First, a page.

Our skilled English tutors have been meticulously selected by educational experts, including our most accomplished and long-standing tutors, some of whom hold PGCE qualifications. Our rigorous selection process ensures the highest quality of instruction.

For those seeking budget-friendly options, we offer undergraduate tutors — current students at renowned universities who are actively studying English. These tutors boast impressive academic records and a contagious passion for their subject, making them exceptional study companions.

For those with a more extensive budget, we provide highly experienced graduates with substantial tutoring backgrounds, having accumulated hundreds or even thousands of hours of teaching experience. Our most exceptional English tutors possess a combination of qualifications such as PGCEs (teacher training), PhDs, teaching experience in English schools, leadership as Heads of Department, or expertise as English examiners.

What does an English tutor cost?

The cost of an English tutor will be influenced by the tutor's credentials and their cumulative hours of private tutoring or classroom teaching experience. Undergraduate students studying English or related fields will generally fall on the cheaper side of the pricing spectrum, whereas those possessing a PGCE, prior experience in school teaching, Head of Department experience or examiner experience, will typically command higher fees.

At Titanium Tutors, we offer varied English tutoring rates to suit all budgets - check out our prices here.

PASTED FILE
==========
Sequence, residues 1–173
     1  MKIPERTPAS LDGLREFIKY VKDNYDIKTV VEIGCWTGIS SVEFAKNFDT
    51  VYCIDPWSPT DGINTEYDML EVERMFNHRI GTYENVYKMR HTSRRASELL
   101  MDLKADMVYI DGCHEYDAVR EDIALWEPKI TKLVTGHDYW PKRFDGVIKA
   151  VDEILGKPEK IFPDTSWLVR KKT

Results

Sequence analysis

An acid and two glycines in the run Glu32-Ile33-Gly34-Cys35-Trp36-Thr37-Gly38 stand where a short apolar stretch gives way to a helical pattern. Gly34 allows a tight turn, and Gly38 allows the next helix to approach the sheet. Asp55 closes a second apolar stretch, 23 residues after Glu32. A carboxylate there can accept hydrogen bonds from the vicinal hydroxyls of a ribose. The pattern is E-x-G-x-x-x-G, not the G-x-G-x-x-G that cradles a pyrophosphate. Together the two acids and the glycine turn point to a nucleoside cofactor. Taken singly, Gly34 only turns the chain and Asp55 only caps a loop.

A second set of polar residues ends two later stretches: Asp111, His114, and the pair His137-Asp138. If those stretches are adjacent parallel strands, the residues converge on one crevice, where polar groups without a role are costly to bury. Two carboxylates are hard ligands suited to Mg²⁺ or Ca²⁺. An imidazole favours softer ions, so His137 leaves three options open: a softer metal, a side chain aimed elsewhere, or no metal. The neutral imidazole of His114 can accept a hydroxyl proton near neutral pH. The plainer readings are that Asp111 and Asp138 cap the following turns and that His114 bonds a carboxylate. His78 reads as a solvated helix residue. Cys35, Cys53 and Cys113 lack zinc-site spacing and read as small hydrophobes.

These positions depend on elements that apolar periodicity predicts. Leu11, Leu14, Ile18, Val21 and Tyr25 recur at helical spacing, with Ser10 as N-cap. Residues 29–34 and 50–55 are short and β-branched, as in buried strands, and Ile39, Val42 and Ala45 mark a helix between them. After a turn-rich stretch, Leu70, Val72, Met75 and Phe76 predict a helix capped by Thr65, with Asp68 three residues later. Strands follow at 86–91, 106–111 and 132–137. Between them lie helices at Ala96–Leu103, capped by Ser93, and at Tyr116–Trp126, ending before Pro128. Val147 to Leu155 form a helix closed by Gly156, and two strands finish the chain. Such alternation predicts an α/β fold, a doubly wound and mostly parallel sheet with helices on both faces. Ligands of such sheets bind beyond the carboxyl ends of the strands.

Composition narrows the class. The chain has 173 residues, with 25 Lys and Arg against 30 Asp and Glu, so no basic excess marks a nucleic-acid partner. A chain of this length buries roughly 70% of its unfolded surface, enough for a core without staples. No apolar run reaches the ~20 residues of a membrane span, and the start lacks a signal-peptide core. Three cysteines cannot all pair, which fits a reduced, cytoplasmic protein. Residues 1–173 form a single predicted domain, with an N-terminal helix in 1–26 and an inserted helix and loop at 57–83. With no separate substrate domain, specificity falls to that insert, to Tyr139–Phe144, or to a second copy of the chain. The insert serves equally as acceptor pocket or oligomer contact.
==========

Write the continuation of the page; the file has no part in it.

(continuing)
Hear from our English tutors

Why you will Love English

by Cicely

English is one of the core subjects that everyone studies at some point in their education, and it’s for this reason that it can sometimes be taken for granted. However, there is a lot to love about it, and at Titanium Tutors we are passionate that it can, and should, be fun and accessible for everyone, no matter their ability.


Think about some of your favourite TV programmes and films. Maybe you love the world of the Upside Down in Stranger Things, or you might be a huge Marvel fan. Perhaps you really enjoy an American Campus drama! Whatever genre or style of TV or film you prefer, chances are the writers who created these programmes studied English at some point in their education, or, if not, they have worked hard to excel in telling really good stories.


Ultimately, that’s what underpins everything great about English – the telling of, and working out how to tell, really good stories. The reason we become so invested in these fictional worlds is because the writers have created characters that feel real to us so that we care about what happens to them and want to stay to find out what happens next. It is also a lovely form of escapism!